May 10, 2013 6 Comments
If you’ve read The Man in the Box, you know that I am a huge proponent for combining fiction with reality. That’s probably why I loved Life of Pi so much. Now, to be sure, I’ve learned to be very weary of historical fiction books, such as Gingrich’s To Try Men’s Souls.
But there is one I’d like to point out that was awarded the Newberry Award Medal back in 1990. It’s called Number the Stars by Lois Lowry. It’s a wonderful little book set in Denmark, 1943 about a little Danish girl, Annemarie, who must learn to be brave in the face of the Nazi relocation effort of the Danish Jews – especially since they’re looking specifically for her best friend Ellen Rosen.
It’s a wonderful piece of literature I plan on using as our first means of introduction to World War II with our kids. It chronicles the way life changed for so many in such a short amount of time in a kid-appropriate way. But I can’t see how adults couldn’t get pulled into this short read as well, and not walk away having learned some interesting facts about a particularly brilliant method many Danish people used to hide their Jewish neighbors.
I try not to be too random with my reading selections. Often, I find a piece of history I’m interested in, or a new work of fiction particularly catches my fancy, and I’ll dive in. It may seem kind of out of the blue that I chose a twenty-three year old kids’ fiction book about Nazis occupying Denmark.
Well, you’ll be seeing plenty more Holocaust-related books reviewed here on AdoptingJames in the next several weeks. And here’s why.
I’m proud to officially announce my next book project. Without giving much away, it will be a young reader’s fiction book that takes place somewhere in Austria around the time of the Nazi uprising. I’m being very intentional to make it so that your kids (and mine) will find it engaging and funny (watch Life is Beautiful – it can be done!), and adults will adore it.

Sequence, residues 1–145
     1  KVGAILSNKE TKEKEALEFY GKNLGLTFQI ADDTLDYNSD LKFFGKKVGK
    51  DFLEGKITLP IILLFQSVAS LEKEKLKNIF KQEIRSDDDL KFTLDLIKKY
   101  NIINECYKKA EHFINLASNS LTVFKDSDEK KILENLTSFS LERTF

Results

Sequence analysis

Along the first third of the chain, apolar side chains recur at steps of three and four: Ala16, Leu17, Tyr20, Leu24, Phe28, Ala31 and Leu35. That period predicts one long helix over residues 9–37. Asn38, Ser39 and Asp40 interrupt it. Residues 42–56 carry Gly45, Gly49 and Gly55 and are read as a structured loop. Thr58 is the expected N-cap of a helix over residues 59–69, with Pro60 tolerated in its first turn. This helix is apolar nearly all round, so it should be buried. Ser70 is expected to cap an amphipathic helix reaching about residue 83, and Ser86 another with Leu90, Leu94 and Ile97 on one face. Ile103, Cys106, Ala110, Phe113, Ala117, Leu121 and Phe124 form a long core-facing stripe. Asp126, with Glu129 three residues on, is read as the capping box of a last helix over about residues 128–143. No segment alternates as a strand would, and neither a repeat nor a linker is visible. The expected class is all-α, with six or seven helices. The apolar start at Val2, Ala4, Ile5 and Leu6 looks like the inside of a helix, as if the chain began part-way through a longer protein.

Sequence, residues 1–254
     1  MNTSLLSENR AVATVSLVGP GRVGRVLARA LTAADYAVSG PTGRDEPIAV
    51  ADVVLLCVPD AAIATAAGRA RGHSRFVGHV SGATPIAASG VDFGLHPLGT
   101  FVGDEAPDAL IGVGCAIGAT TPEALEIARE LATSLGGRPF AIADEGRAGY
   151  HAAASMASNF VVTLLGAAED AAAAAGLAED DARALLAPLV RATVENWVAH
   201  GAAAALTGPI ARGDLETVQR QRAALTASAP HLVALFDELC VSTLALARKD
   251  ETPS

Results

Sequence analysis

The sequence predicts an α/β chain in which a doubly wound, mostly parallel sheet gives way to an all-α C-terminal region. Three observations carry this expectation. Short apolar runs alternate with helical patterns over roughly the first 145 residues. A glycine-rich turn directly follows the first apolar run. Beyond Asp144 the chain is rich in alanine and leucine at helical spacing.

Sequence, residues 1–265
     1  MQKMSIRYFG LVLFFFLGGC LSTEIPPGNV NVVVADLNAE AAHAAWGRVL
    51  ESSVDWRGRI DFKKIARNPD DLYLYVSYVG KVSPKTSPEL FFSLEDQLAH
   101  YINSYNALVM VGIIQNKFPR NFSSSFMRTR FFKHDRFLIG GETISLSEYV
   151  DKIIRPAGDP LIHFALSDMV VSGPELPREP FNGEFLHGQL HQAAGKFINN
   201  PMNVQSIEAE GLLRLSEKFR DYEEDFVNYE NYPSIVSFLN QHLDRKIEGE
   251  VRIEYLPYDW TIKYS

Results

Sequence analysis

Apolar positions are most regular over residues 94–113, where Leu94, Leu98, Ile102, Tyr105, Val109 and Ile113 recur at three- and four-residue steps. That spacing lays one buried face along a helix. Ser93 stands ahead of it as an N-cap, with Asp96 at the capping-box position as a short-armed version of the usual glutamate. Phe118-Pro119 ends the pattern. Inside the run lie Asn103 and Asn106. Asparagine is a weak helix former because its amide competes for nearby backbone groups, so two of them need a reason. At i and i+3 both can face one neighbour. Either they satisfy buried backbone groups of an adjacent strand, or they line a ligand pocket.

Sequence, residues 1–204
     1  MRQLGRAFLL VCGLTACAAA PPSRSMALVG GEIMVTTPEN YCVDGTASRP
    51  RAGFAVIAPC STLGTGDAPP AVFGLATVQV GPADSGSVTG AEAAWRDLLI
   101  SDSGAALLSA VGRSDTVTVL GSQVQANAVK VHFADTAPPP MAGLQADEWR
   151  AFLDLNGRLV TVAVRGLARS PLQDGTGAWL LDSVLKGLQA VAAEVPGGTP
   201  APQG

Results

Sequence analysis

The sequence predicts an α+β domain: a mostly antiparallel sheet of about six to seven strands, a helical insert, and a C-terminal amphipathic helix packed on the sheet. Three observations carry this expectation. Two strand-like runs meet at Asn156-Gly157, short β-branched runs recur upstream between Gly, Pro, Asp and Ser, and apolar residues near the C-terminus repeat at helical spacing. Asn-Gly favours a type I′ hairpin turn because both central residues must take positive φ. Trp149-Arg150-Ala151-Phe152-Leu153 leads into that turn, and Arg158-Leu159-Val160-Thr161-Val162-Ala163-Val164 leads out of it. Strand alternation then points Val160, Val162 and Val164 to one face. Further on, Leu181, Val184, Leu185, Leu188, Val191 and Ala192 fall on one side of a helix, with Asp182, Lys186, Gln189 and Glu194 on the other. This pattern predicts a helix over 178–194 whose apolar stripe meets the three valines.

I told Sarabeth with a deep sigh the other day, “I wish we had lots of money so I could fly to Germany and walk the streets and smell the smells of Europe, so I can better write this book.” But I’ll just have to do with what God has given me: A library.
Since I can’t go to Europe myself, what better way to smell the dew on the cornflowers, and taste the stale bread, and shiver by the stove cramped in the fireplace during a cold, dark winter in Nazi-ruled Europe than to read about it?
That’s the beauty of historical fiction. It does something that non-fiction books can only do with ultra-accomplished writers (such as Eric Larson and Gregory A. Freeman), and that’s this: They serve as a time portal, picking you up out of your comfortable chair, and placing you dead-center in the middle of history unfolding all around you.
That is what my book will strive to do for you and your children. And I can’t wait for you to read it.